Israel "is not even a member of the regime to tell us what tools are available to us," ElBaradei said, referring to Israel's refusal to sign the Nuclear Non-Proliferation Treaty (NPT).

"We would appreciate it if you could stop preaching to us how we can do our jobs."

And he added: "You cannot sit on the fence, making use of the system, without being accountable."

Israel is widely considered to be the Middle East's sole if undeclared nuclear armed state.

ElBaradei rejected the accusation of bias.

"To say that I am biased, I will not dignify that with a response. I will leave it to the board, who can decide whether we are doing our work with the required impartiality and professionalism," he said.

Syria was the main focus of debate on the fourth day of the IAEA meeting, which was expected to end later on Thursday.

Damascus denies that Dair Alzour was a nuclear reactor, claiming it was a disused military facility.

It has only allowed IAEA inspectors to visit the site once, and has since turned down requests for follow-up inspections and access to other sites.

The IAEA has said the building bore some characteristics of a nuclear facility and that UN inspectors had detected "significant" traces of man-made uranium at that site, as yet unexplained by Damascus.

In its latest report, the IAEA revealed that inspectors had now found uranium particles at a second site -- a research reactor near Damascus -- that would not normally be expected there.

It was too early to say whether the uranium particles at the two sites were in any way connected, according to the IAEA.

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Syria Plays Down Uranium Find by UN Nuclear Agency
Associated Press
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Syria's nuclear chief is suggesting the U.N. nuclear agency's discovery of new uranium traces in the country do not harden allegations that Damascus has a hidden nuclear program.

Ibrahim Othman's comments are the first from Syria about the International Atomic Energy Agency's recent announcement that it found unexplained traces of uranium at a Syrian site for the second time.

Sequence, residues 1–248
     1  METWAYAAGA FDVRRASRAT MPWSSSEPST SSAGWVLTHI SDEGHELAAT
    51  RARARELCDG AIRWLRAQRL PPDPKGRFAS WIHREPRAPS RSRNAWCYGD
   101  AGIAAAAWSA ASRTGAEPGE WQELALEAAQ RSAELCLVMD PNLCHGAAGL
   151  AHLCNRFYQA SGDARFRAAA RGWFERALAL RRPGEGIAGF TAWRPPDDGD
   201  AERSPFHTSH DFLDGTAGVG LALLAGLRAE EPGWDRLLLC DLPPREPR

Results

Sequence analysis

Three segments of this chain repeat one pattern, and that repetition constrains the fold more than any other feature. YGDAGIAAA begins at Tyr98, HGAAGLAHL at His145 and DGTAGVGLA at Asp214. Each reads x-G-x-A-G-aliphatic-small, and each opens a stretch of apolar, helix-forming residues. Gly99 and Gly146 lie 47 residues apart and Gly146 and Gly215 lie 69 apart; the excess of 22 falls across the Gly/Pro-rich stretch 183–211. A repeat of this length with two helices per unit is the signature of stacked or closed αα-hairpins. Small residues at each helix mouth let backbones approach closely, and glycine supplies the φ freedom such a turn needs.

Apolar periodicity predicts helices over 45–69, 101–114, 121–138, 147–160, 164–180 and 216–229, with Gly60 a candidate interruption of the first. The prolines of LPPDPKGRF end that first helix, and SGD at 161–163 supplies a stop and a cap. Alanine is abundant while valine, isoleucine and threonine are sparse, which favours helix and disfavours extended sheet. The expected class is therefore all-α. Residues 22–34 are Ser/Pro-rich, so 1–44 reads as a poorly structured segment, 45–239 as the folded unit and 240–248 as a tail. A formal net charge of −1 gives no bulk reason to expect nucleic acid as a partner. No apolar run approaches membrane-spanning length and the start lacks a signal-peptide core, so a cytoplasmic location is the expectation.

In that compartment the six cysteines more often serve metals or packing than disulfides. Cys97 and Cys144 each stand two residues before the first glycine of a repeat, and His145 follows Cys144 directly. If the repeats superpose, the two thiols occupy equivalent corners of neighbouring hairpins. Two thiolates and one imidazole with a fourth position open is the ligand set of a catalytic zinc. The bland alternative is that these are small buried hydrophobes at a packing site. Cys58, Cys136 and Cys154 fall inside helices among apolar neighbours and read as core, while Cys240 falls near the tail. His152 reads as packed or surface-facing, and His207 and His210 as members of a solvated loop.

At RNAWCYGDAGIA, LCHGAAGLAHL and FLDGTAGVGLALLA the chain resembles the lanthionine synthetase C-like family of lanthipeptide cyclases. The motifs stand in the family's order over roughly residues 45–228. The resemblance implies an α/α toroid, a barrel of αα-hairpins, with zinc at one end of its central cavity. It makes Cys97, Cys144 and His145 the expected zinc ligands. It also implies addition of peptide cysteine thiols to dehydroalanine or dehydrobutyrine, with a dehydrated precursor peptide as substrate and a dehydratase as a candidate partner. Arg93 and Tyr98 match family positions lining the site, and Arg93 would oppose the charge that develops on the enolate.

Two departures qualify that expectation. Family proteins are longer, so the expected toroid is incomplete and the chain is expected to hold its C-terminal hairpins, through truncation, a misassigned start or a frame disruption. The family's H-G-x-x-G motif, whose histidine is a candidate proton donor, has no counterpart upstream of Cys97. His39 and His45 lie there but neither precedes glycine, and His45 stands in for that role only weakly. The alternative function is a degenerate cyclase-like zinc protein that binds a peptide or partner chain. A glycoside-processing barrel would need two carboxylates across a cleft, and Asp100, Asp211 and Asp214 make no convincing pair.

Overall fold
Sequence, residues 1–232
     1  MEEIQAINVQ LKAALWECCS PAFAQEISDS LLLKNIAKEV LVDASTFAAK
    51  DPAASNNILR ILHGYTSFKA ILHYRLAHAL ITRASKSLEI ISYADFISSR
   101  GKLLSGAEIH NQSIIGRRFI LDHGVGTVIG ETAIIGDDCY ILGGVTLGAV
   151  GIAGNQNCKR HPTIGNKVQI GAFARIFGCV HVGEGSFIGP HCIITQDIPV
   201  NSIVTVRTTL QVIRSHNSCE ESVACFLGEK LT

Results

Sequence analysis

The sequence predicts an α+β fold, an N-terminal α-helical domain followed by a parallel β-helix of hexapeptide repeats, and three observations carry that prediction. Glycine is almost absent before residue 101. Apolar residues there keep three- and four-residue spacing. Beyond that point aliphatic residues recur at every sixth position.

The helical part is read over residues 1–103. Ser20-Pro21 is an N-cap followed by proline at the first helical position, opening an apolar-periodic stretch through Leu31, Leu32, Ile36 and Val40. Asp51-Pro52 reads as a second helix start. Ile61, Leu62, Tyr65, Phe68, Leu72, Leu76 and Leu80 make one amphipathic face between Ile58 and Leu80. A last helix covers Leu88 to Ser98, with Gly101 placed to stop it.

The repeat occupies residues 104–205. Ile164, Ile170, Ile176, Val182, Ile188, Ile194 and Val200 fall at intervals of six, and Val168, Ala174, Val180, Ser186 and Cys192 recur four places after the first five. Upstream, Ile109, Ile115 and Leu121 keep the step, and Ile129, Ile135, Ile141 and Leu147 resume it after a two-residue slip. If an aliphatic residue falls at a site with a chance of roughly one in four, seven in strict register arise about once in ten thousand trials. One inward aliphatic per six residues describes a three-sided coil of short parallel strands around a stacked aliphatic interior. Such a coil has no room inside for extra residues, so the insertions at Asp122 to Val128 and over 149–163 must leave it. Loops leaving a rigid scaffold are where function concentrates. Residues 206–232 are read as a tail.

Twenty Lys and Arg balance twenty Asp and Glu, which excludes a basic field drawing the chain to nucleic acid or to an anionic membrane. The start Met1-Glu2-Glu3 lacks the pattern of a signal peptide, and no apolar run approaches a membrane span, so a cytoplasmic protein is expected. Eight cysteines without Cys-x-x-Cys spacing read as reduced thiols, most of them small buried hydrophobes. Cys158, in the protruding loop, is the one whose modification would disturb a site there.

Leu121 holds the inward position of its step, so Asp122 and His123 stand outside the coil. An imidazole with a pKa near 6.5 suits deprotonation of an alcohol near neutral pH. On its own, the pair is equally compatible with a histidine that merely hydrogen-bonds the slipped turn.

Othman played down the discovery Tuesday and described it as only "one particle or two particles."

The IAEA has been investigating Syria since Israel bombed a Syrian site in 2007 that the U.S. says was a secret nuclear reactor built with North Korean help.

The agency's 35-nation board is preparing to debate allegations that Damascus was running such a program.

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D.  Nuclear Energy

Japan to Help Other Countries Develop Nuclear Power
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Japan launched an organisation on Thursday to help other countries promote nuclear power generation which is increasingly in demand in the age of global warming, officials said.

The new body, the International Nuclear Energy Cooperation Council, comprises representatives from government branches, power utilities, nuclear power plant makers and research organisations, they said.

It will help the makers' overseas expansion while there are requests from Asian and Middle East countries for Japan's help in the field, according to the Ministry of Economy, Trade and Industry.

"Nuclear power plants have been revalued from the viewpoints of ensuring energy sources and dealing with global warming," Minister of Economy, Trade and Industry Toshihiro Nikai told an inaugural meeting of the council.

"Japan has a long track record in safe operation of nuclear power plants and it has become a model for peaceful use of nuclear power," he said.